The additional counting ?nger 46, spaced from
the counting ?nger 44 in the line of feed, may,
however, be employed, particularly with over
lapped newspapers, the operation of one counting
?nger following upon the operation of the other.
The function of the weight 16 is to press the
lowest paper 2 against the conveyor belts 86. 40
This function is not needed in the hopper 6,
because of the weight of the papers 2 that are
fed in from above the stack. In the magazine
18, however, the papers are fed in by the con
veyors 66 and 62 from below.
.
When the additional counting‘?nger 46 is em
As the ?rst paper 2 is delivered by the ‘conveyor
belts 66 and 62, between the pulleys 14 and 82, it
travels at the said upward incline, above the said
pulleys 68 and 62, the pulley 82 thus serving as a
ployed, it operates, like the counting ?nger 44,
guide roll.
to engage the sheets that travel under it; but
the count is registered in response to the differ
at
The conveyor belts 66 pass over two large
pulleys 64 and 66 and a smaller pulley'68. The
ential, up-and-down movement of both counting
?ngers 44 and 46 together, and not in response
to the movement of one counting ?nger only, as
will hereinafter be explained, thus effecting a
more accurate control of the counter mechanism.
The belt conveyor 8, the shield wall I6, the
separating member 88 or 48, and the counting
?ngers 44 and 46, are disposed at the bottom of
the machine, the newspapers 2 traveling there
through from right to left, as viewed in Fig. 2.
The front edge ‘I of the ?rst newspaper 2 is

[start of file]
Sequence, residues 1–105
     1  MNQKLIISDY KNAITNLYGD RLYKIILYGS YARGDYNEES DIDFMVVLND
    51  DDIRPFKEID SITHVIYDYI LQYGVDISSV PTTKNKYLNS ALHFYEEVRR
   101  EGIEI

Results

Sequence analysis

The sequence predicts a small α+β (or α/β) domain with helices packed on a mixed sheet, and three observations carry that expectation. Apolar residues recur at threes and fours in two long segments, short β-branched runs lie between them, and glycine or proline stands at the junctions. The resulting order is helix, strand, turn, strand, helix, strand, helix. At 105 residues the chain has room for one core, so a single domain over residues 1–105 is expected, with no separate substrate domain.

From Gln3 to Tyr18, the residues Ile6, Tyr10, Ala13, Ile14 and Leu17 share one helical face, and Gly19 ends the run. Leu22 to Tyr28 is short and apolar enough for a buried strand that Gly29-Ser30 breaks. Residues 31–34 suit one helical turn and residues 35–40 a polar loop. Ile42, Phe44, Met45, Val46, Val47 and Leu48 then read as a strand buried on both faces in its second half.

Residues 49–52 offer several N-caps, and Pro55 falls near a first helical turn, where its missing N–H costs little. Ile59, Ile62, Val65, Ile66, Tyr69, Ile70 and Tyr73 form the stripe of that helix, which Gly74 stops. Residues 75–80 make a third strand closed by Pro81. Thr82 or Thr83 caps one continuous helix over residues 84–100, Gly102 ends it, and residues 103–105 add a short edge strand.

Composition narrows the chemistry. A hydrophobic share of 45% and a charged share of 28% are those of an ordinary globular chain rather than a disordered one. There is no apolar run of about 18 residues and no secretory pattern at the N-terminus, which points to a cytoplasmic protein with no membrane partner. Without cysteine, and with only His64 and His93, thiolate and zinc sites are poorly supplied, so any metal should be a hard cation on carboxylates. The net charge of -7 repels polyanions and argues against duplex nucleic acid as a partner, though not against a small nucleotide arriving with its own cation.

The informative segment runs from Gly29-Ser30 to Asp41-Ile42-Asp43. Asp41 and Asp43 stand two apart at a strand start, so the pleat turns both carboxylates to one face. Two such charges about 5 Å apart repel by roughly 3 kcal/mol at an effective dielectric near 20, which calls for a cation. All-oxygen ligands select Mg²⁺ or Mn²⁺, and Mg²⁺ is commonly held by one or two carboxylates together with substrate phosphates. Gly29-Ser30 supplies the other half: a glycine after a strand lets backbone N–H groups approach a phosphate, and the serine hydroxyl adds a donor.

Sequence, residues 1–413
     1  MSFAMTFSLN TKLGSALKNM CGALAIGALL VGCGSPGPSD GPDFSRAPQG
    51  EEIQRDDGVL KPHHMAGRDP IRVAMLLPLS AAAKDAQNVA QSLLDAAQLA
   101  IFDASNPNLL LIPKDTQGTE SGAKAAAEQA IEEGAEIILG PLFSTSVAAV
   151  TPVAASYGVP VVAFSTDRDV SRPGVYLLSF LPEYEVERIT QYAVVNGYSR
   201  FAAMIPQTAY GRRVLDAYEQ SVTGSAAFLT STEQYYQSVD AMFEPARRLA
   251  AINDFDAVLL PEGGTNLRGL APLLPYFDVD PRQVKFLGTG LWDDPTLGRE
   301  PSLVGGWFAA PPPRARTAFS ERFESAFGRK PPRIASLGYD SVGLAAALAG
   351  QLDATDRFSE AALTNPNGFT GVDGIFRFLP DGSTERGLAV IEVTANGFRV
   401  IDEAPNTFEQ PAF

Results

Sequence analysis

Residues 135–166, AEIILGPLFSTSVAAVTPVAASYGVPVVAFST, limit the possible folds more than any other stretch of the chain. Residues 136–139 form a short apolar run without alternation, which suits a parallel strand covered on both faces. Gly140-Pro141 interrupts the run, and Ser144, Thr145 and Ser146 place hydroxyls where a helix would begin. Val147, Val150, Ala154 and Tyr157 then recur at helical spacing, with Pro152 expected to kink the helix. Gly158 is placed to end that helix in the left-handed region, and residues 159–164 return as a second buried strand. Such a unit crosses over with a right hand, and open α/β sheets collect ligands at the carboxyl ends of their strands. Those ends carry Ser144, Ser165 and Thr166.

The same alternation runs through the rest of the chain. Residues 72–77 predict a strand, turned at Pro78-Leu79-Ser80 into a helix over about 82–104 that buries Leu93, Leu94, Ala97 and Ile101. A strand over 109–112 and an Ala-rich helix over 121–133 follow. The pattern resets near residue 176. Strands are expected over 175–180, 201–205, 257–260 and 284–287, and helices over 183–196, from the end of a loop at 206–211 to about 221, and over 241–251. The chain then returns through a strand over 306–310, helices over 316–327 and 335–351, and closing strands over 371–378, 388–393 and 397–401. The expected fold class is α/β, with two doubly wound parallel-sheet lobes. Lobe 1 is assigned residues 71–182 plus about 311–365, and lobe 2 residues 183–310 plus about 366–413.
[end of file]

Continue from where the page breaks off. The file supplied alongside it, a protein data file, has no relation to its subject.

?rst gripped between the body portion of the
hold-down weight 16, at the point where it joins
the bent portion 82, and the portions of the belts
86 immediately beneath. The said front edge ‘I 55
is then dragged in by the conveyor belts 86, under
the said bent end 92 of the hold-down weight ‘l6.v
The pulley‘84 is disposed beyond the magazine 18,
to the right thereof, as viewed in Fig. 2, so that
the belt conveyor 86 would carry the papers in
the magazine 18 beyond, and to the right of, the
magazine 18 on to a table I46, were it not for
The papers 2 are then transferred to the upper
stops 86 that project upward between the stacker
portion of the machine by meansof vertically
65 disposed, continuously travelingplift, conveyor
belts 86 to engage the forward end of the lower
paper or papers 2 in the magazine 18 and limit its
or their further progress. The stops 86 need not
project very high, since it is quite sufficient to
restrain the travel of only the bottom paper 2 in
belts 66 and 62. The conveyors 8 and 66 may,
of course, be in the form of a single ,conveyor.
After the papers have thus been raised by the
belts 66 and 62, they are again carried through
70 the machine, but from left to right. This en
ables lapped papers to be in the correct position
to be stacked from beneath. The forward edges
1 of the newspapers are practically parallel at
all times, the papers 2 being fed quite regularly
75 in this machine.
45
the magazine ‘I8.
As the newspapers 2 continue to‘ be successively 70
advanced by the belt conveyors 66 and 62, the
forward end ‘I of each next-following newspaper,
as it leaves between the pulleys ‘l4 and 82, enters
into the magazine 18 at a point between‘ the
pulley 82 and under the rear end of the news 75